According to Benjamin Franklin, the only thing certain is death and taxes. And, when it comes to owning real estate as an investment, taxes are definitely certain. In addition to property taxes and taxes on earned income, capital gains taxes must be paid when the asset is sold (assuming, of course, that it is sold at a profit).
On the positive side, tools are available to help mitigate some of these capital gains taxes. One of these is found in Internal Revenue 26 U.S. Code § 1031: “Exchange of Real Property Held for Productive Use or Investment.” Better known as the 1031 exchange, the process can help defer capital gains taxes through a form of property swap.
The structure of the 1031 exchange means that you could continue trading into various properties of equal or greater value for a long time. But does doing so decrease your tax liability?
The answer here is no. The 1031 exchange program is a tax deferral tool. It doesn’t eliminate or decrease taxes in any way. Let’s take a closer look at this issue.
Understanding Tax Liability
In its most basic sense, tax liability is a fancy term for “how much you owe in taxes to taxing authorities.” You are taxed on earned income, capital gains on the sale of a capital asset, or other IRS-defined taxable events.
Additionally, these liabilities can include back taxes (in other words, taxes from the previous year) or write-offs that reduce taxable income. One example of this is a loss carryforward, in which you could use current realized losses against future capital gains taxes.
Understanding The 1031 Exchange
We have provided in-depth discussions about the 1031 exchange in previous blogs. Here is a refresher:
- The 1031 exchange, also known as the like-kind exchange, helps defer capital gains taxes on the sale of real estate held for investment purposes.
- The process operates by permitting you to exchange proceeds from the sale of a relinquished asset into the purchase of a replacement asset of equal or greater value.
- To ensure the success of this exchange, you must collaborate with a qualified intermediary and must adhere to the in-stone deadlines set out by the IRS.
The operative word when it comes to the 1031 exchange is that it is a tax deferral tool. The process does not eliminate or reduce taxes, it simply means you don’t have to pay them immediately.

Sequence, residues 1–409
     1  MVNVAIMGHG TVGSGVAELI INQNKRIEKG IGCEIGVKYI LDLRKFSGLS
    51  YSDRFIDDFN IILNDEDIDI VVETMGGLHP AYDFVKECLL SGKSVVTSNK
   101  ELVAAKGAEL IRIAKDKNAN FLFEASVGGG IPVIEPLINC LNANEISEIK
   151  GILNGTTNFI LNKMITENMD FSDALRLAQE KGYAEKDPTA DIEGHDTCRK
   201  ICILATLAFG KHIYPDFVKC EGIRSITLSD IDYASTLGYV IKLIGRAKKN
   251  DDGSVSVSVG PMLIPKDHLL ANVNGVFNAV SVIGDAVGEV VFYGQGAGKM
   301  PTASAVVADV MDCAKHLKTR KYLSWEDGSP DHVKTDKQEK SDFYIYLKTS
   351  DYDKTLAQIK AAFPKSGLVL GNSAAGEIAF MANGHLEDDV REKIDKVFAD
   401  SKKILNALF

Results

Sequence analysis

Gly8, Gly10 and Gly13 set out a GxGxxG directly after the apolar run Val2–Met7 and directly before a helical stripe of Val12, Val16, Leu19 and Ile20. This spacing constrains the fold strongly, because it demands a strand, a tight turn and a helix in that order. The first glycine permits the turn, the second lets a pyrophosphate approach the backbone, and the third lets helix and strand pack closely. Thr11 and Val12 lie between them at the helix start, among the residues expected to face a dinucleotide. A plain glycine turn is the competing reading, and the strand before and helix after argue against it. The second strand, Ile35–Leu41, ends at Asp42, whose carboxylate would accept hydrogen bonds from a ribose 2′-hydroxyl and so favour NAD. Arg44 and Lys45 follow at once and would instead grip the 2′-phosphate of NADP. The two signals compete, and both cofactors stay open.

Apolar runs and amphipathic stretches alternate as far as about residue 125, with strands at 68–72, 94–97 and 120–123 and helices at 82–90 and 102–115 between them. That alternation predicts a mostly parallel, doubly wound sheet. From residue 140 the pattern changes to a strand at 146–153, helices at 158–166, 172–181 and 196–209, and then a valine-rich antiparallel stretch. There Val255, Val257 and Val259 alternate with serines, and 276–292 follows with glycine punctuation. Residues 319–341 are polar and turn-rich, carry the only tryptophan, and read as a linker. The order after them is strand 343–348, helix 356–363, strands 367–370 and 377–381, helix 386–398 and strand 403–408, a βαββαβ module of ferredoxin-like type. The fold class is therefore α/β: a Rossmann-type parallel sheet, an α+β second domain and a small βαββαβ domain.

You'll Still Owe, Unless...
You can continue to use the like-kind exchange ad infinitum. There is no limit to the number of times you can swap properties. But, once you stop, you owe taxes on the capital gains from that original relinquished property exchange. The tax liability does not decrease over time. In fact, it can increase, depending on the amount of your capital gains.
The one exception to that tax increase is the use of like-kind exchange in estate planning. If you die after completing a 1031 exchange, your heirs receive the replacement property on a step-up in basis. The property’s value is pegged to the current market value, rather than what you originally paid for it. This can eliminate capital gains entirely for your heirs, potentially eliminating any pre-existing tax liability.
Otherwise, at the risk of sounding repetitive, the goal of the 1031 exchange is to help defer capital gains taxes, not to eliminate or reduce them. As such, before embarking on, or continuing, an exchange strategy, it’s a good idea to talk with your tax advisor or financial planner to ensure these activities meet with your investment goals.
This material is for general information and educational purposes only. Information is based on data gathered from what we believe are reliable sources. It is not guaranteed as to accuracy, does not purport to be complete and is not intended to be used as a primary basis for investment decisions. It should also not be construed as advice, meeting the particular investment needs of any investor. There is no guarantee that the investment objectives of any particular program will be achieved. The actual amount and timing of distributions paid by programs is not guaranteed and may vary. There is no guarantee that investors will receive distributions or a return of their capital. These programs can give no assurance that they will be able to pay or maintain distributions, or that distributions will increase over time. Programs that depend on tenants for their revenue may suffer adverse consequences as a result of any financial difficulties, bankruptcy or insolvency of their tenants. All real estate investments have the potential to lose value during the life of the investment. Realized does not provide tax or legal advice. This material is not a substitute for seeking the advice of a qualified professional for your individual situation. Costs associated with a 1031 transaction may impact investor returns, and may outweigh tax benefits. Because they are private placements, TICs are illiquid securities. There is no secondary market for TIC investments. Moreover, the form of ownership may require unanimous consent to sell a TIC interest.